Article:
June 5, 2015

What we ourselves cannot bear let us bear with the help of Christ.  For he is all-powerful, and he tells us: “My yoke is easy, and my burden is light”
(St. Boniface).

July 12, 2015

“Whenever anything disagreeable or displeasing happens to you, remember Christ crucified and be silent” (St. John of the Cross).

September 28, 2015

“God sends us trials and afflictions to exercise us in patience and teach us sympathy with the sorrows of others” (St. Vincent de Paul).

May 26, 2016

“Men are generally the carpenters of their own crosses” (St. Philip Neri).

June 30, 2016

Suffering overwhelms you because you take it like a coward.  Meet it bravely, with a Christian spirit, and you will esteem it like a treasure
(St. Josemaría Escrivá).

November 15, 2016

“It is by the path of love, which is charity, that God draws near to man and man to God” (St. Albert the Great).

December 10, 2016

“Nature easily complains of want and of trouble, but grace bears poverty with constancy” (Thomas à Kempis in The Imitation of Christ).

January 30, 2017

In the same way that a powerful medicine cures an illness, so illness itself is a medicine to cure passion.  And there is much profit of soul in bearing illness quietly and giving thanks to God (St. Amma Syncletica).

March 1, 2017

Why must we suffer?  Because, here below, pure love cannot exist without suffering.  O Jesus, Jesus, I no longer feel my cross when I think of yours (St. Bernadette Soubirous).

April 5, 2017

In Christ, all of life has meaning now.  We have the opportunity to participate in the redemption of the world by offering up our suffering in union with Christ, and there is a treasure trove of meaning for us to uncover! (Jeff Cavins in When You Suffer).

April 24, 2017

The support of friends, especially in times of crisis, is vital to helping us through the emotions that flood and fuel our hearts.  They will help us see clearly enough to move through mourning, provide lighter moments, too, especially if we might seem to teeter on the edge of truly losing hope.  They will be the personification of God’s unconditional love and help us find even greater spiritual depth (Maureen Pratt in Don’t Panic: How to Keep Going When the Going Gets Tough).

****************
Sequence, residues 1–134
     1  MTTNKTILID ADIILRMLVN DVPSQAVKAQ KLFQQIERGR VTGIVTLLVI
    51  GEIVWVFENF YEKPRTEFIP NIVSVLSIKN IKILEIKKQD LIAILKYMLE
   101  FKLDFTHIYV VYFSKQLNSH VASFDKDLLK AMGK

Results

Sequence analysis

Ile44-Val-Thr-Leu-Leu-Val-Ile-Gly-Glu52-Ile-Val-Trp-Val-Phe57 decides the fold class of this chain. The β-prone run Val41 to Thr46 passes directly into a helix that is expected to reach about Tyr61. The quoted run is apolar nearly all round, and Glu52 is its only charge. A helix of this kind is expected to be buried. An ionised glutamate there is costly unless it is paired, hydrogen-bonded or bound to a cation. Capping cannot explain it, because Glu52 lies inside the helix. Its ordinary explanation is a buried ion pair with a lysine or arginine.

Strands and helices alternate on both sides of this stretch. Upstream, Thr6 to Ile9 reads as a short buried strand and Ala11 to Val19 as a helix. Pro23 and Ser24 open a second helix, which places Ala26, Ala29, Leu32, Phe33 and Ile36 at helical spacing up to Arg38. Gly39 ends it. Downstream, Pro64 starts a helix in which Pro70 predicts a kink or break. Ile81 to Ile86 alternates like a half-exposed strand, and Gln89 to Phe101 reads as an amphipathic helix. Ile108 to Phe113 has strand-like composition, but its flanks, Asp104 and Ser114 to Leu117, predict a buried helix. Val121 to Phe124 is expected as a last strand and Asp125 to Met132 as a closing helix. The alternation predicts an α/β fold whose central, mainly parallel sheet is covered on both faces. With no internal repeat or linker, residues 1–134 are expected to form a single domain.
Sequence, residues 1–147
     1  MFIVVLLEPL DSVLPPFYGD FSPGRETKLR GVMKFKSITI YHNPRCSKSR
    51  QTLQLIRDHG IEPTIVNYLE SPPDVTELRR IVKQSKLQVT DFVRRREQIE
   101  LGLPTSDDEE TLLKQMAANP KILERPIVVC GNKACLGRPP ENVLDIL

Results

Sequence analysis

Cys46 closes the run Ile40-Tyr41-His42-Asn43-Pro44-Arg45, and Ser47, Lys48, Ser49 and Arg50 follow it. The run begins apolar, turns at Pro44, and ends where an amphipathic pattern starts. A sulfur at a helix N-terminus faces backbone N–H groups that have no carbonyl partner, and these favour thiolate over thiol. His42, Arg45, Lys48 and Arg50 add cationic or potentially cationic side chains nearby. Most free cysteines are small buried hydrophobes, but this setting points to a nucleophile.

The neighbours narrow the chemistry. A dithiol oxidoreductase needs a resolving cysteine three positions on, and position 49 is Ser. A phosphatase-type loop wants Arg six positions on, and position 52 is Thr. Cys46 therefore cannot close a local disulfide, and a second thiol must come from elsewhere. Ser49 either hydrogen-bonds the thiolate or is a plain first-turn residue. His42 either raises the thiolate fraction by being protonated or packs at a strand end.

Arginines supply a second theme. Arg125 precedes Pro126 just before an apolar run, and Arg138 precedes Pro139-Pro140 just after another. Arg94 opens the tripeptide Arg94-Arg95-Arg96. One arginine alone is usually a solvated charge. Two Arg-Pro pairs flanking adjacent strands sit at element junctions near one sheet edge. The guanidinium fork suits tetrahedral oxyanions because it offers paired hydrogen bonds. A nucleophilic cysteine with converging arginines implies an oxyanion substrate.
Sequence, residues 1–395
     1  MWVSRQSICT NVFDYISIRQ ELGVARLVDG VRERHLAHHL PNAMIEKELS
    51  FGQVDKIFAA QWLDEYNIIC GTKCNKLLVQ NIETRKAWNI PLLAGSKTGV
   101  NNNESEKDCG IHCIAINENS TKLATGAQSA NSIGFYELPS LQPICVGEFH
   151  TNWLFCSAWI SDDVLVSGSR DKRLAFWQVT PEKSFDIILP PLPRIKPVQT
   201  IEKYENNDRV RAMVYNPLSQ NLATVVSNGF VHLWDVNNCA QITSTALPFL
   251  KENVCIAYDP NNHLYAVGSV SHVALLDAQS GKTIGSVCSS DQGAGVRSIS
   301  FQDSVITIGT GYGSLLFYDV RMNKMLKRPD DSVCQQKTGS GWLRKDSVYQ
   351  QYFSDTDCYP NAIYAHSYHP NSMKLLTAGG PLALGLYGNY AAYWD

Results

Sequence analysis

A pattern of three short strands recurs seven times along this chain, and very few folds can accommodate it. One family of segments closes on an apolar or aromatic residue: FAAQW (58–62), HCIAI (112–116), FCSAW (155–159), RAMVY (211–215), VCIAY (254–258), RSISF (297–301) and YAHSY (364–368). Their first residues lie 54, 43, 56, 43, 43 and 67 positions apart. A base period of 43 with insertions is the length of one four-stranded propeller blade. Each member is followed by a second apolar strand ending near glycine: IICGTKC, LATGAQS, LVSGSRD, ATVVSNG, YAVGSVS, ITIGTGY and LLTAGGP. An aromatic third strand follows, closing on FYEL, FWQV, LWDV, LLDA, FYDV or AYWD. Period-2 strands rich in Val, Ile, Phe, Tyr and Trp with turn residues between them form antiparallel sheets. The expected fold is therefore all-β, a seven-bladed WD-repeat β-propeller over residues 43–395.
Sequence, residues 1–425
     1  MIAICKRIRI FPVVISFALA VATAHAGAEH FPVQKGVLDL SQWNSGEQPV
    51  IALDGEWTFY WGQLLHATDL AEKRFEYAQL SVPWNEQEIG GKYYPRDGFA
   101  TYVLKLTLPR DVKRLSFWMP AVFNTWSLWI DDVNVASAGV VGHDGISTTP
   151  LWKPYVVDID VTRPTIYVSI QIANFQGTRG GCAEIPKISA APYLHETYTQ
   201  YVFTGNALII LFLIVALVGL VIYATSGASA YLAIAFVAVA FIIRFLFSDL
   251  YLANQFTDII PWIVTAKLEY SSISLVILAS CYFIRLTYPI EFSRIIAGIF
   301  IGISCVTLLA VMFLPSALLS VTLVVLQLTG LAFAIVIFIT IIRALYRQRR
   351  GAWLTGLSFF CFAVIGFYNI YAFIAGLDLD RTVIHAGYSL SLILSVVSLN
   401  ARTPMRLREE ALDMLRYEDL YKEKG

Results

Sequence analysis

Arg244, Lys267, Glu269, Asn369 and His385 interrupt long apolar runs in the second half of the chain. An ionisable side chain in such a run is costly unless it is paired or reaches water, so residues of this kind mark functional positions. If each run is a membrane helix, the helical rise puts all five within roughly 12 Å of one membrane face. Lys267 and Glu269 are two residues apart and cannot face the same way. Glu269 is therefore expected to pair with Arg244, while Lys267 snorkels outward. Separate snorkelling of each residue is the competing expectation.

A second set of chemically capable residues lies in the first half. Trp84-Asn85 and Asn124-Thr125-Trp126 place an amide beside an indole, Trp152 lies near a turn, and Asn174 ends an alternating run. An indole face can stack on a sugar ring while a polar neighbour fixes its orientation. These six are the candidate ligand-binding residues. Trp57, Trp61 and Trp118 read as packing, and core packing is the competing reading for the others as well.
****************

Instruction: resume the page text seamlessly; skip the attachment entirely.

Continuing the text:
April 26, 2017

We are entangled and bound up together not as in a net in which we are trapped, but in a network through which we are nourished and find our health.  It is humility that teaches us the good of this entanglement while pride tries to escape our embeddedness, mostly by ignoring it and sometimes by violently wrestling free (Wendell Berry and the Given Life).

June 6, 2017

“Walk beside me and be my friend” (Albert Camus).

June 21, 2017

Jesus is the answer to all our questions, no matter what our age or state of life.  He offers solace to those aching for relief.  He offers truth to young people who are searching for deeper meaning and security.  He restores the dignity and moral center of those who are looking for life and see only death.

To each of these weary souls, Jesus says: “Come to me, all you that are weary and are carrying heavy burdens and I will give you rest… learn from me; for I am gentle and humble in heart, and you will find rest for your souls” (Matthew 11:28–29; Anne Costa in Healing Promises: The Essential Guide to the Sacred Heart).

July 13, 2017

A faithful friend is a sturdy shelter: he that has found one has found a treasure” (Sirach 6:14).

August 4, 2017

You must accept your cross.  If you carry it courageously, it will carry you to heaven (St. John Vianney).

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Crosses to share, crosses to keep (Gifts: Jim Moreno, 2015)

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Grounds at the Montserrat Jesuit Retreat House – Lake Dallas, TX

Links of interest…  Avoiding envy & learning acceptance in suffering…  Bearing the cross / one’s crosses…  Being a companion through the mystery of suffering…  Can suffering be a gift from God…  Cross that we bear…  Crucifixes & crosses…  Deepen your prayer life through exclamations…  Final hours of Jacques Fesch…  Finding hope in the trials of life…  God comes to you in your lowliness / decided to visit me today…  How to endure suffering…  Montserrat Jesuit Retreat House (aboutfacebook)…  Other people’s blessings…  Pain beneath the cross…  Sanctifying suffering in union with Christ…  Secret of avoiding bitterness in suffering…  St. Francis de Sales: about / Introduction to the devout life (ebook)…  Stories in stone…  Suffering for love? I would prefer not to / with the distressed…  Task of love: Carrying the cross…  Upset & turned upside down…  What is your cross made of…  What’s so special about friendship…  When God doesn’t answer / life disappoints you…  Wisdom about suffering from St. Paul & St. Frances de Sales

WP posts…  Backtracking…  Connected tangents…  Forever grateful…  Growing pains…  October novena…  One prayer…  Prayerful ways…  Repeated prayers…  Revisiting St. Simon…  Sweet Jesus…  St. Anthony Claret…  St. Jude novena…  St. Jude shrine (Chicago)…  St. Jude shrine (Corpus Christi)…  Unexpected detours…  Vattmann church…  Venerable Margaret